|Home | About | Journals | Submit | Contact Us | Français|
Functioning adrenocortical oncocytomas are extremely rare and most reported patients are 40-60 yr of age. To our knowledge, only 2 cases of functioning adrenocortical oncocytomas have been reported in childhood. We report a case of functioning adrenocortical oncocytoma in a 14-yr-old female child presenting with virilization. She presented with deepening of the voice and excessive hair growth, and elevation of plasma testosterone and dehydroepiandrosterone sulfate. She had an adrenalectomy. The completely resected tumor composed predominantly of oncocytes without atypical mitosis and necrosis. A discussion of this case and a review of the literature on this entity are presented.
An oncocytoma is a tumor that is composed predominantly of polygonal oncocytes with abundant granular and intensely eosinophilic cytoplasm. It occurs in virtually every organ, most commonly the kidney, salivary glands, and thyroid. An oncocytoma that arises in the adrenal gland is very rare and usually benign and nonfunctioning. Because of the unusual occurrence of functioning adrenocortical oncocytoma, particularly in childhood, we report here a case of adrenocortical oncocytoma in a girl presenting with virilization. We also discuss this case and review the literature in terms of pathologic classification and malignant potential.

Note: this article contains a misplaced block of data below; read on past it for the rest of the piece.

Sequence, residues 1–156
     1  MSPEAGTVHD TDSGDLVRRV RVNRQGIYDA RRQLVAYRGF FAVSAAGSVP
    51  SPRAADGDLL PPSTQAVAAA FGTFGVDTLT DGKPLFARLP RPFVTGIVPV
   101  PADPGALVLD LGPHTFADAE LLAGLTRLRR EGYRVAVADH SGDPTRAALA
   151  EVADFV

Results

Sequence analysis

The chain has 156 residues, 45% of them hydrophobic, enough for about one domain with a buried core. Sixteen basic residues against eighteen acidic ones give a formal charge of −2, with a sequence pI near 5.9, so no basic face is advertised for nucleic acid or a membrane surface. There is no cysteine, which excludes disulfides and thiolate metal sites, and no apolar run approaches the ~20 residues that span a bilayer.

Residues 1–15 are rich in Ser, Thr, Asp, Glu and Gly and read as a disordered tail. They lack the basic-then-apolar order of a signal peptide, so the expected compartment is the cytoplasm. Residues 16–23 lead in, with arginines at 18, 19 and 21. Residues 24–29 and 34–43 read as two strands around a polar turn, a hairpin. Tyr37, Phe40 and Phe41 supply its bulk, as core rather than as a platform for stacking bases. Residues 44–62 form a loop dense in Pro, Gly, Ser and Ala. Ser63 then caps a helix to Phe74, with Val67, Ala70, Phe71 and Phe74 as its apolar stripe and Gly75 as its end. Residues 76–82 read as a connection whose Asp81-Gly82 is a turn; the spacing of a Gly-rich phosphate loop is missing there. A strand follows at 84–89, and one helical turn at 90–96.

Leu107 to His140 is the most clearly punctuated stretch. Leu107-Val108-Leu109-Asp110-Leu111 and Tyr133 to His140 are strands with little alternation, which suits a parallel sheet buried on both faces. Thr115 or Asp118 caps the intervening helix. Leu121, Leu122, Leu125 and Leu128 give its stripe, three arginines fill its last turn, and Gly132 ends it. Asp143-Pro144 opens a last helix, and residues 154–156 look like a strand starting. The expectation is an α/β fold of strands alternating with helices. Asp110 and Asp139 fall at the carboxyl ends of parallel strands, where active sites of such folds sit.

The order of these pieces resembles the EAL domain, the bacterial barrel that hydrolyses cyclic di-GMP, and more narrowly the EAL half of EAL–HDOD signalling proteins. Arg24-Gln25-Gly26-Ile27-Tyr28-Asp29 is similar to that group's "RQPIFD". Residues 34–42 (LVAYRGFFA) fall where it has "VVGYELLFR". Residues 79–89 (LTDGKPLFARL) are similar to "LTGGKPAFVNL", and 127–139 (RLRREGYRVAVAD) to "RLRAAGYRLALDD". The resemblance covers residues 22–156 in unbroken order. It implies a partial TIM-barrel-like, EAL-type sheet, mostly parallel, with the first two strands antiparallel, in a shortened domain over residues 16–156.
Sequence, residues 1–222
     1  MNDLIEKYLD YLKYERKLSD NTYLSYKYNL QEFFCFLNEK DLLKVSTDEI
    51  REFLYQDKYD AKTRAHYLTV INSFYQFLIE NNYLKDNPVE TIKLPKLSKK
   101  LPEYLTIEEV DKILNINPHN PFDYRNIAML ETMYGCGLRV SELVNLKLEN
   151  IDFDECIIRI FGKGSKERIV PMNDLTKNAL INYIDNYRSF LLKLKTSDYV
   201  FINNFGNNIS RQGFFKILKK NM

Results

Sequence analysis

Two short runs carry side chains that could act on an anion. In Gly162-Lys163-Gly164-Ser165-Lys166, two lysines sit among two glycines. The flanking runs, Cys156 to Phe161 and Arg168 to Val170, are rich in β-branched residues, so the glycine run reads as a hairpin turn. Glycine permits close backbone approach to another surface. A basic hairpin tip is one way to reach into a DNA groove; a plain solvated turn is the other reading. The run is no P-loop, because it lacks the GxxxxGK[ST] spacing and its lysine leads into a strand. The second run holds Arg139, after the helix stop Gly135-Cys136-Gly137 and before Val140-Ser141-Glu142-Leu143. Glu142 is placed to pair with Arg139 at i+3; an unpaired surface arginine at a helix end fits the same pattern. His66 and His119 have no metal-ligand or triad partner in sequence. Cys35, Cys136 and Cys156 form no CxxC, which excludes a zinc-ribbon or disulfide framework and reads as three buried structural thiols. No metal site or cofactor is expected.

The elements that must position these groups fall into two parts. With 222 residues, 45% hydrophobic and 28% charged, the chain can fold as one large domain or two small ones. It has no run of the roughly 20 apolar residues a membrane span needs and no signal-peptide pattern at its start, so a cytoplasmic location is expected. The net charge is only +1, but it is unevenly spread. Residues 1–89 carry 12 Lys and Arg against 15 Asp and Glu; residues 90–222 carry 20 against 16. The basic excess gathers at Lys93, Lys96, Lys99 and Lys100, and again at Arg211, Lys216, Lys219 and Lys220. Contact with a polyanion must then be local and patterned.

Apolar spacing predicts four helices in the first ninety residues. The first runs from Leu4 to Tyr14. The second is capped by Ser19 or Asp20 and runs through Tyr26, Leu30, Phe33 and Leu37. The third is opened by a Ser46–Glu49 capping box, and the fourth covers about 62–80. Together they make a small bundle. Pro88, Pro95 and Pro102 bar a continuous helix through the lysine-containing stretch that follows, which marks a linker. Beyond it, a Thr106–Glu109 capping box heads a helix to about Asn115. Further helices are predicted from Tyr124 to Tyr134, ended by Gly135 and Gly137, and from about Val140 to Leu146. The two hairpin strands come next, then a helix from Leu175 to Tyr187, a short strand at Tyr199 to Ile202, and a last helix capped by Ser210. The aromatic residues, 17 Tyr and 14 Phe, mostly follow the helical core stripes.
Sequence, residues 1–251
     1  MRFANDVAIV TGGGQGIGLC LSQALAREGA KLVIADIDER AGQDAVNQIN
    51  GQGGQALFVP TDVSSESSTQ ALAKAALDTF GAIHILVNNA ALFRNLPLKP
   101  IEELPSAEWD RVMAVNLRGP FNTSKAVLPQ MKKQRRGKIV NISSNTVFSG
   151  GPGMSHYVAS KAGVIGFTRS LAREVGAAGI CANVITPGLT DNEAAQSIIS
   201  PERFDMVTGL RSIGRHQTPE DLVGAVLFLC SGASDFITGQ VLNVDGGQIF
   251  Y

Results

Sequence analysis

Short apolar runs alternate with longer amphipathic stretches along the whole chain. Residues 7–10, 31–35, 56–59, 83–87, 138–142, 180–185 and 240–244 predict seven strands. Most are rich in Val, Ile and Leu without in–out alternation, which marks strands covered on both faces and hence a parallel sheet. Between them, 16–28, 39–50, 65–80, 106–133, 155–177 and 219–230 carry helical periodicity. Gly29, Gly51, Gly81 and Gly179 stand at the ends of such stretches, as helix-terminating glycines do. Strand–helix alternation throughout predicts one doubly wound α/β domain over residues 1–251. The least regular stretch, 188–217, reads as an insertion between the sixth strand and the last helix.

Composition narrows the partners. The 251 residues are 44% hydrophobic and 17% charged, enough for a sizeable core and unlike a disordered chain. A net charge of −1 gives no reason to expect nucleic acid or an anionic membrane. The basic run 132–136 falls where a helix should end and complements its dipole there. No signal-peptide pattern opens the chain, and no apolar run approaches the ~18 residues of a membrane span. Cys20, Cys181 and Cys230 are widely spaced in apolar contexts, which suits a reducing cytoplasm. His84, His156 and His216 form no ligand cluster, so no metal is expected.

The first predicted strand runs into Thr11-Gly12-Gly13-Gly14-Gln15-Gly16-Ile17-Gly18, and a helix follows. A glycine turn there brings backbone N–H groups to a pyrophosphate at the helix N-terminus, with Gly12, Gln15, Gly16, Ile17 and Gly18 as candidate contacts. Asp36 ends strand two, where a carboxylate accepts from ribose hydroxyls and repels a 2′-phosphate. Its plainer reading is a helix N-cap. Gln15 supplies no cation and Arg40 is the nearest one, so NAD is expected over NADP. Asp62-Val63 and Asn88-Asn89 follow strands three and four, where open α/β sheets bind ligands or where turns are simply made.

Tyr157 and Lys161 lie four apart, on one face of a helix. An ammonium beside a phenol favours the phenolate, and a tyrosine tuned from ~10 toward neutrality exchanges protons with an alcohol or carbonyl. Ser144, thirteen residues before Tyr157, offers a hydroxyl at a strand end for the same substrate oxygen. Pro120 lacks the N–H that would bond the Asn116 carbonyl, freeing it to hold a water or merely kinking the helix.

A 14-yr-old girl presented with deepening of the voice and excessive hair growth as well as change in body habitus since about 1 yr prior to admission. She was born at full term without perinatal problems and had no special health problems previously. Her mother worried about not only her hypertrichosis but also her lack of menarche. Her body weight was 69.5 kg (95-97 percentile), height was 165.1 cm (90-95 percentile) and body mass index was 25.5 kg/m2. Her blood pressure was normal. Physical examination revealed acne on the face and a male pattern of excessive hair on the chin, anterior chest wall, lower abdomen and inner thigh (Fig. 1). A huge, hard mass was palpated on the right abdomen. Her breast was Tanner stage 2, but her bone age (17 yr) was advanced. She had mild clitomegaly. We performed a hormonal study for evaluation of virilization, which revealed increased plasma testosterone (>1,500 ng/dL, reference range: ≤32 ng/dL) and dehydroepiandrosterone sulfate (DHEA-S) (>1,000 µg/dL, reference range: ≤260 µg/dL) levels. Plasma 17-hydroxyprogesterone (17-OHP) was also increased (56.4 ng/mL, reference range: ≤2.3 ng/mL). Plasma adrenocorticotrophic hormone (ACTH) was 5.1 pg/mL (reference range: 5-37 pg/mL) and plasma cortisol was 26.7 µg/dL (reference range: 4-11 µg/dL). Plasma lutenizing hormone (LH) was 0.24 mIU/mL and plasma follicle-stimulating hormone (FSH) was <0.1 mIU/mL. The abdominal computed tomography (CT) scan and magnetic resonance imaging (MRI) showed a 12×12×14 cm-sized, well-circumscribed, huge mass which displaced the right kidney anteromedially (Fig. 2). The positron emission tomography (PET) CT scan revealed a heterogeneous hypermetabolic mass only in the area between the liver and right kidney, which suggested a malignant retroperitoneal or adrenal tumor (Fig. 3). A whole body bone scan found no active lesions. We performed a low dose (0.5 mg q 6 hr for 48 hr) and high dose (2 mg q 6 hr for 48 hr) dexamethasone suppression test and the result of that was not compatible with Cushing's syndrome. She had a right adrenalectomy and her postoperative course was uneventful. The resected tumor was a huge encapsulated round mass, measuring 17.5×15×14 cm in dimension and 1,100 gm in weight. The outer surface was smooth and glistening (Fig. 4). Microscopically (Fig. 5), the tumor was composed of large cells with eosinophilic cytoplasm. Capsular or sinusoidal invasion was not noted and the subcapsular area showed a compressed normal adrenal cortex. Atypical mitosis and necrosis were absent. These findings were compatible with the diagnosis of oncocytoma. At 2 weeks after removal of the adrenal tumor, her serum testosterone and DHEA level decreased dramatically to normal ranges, respectively.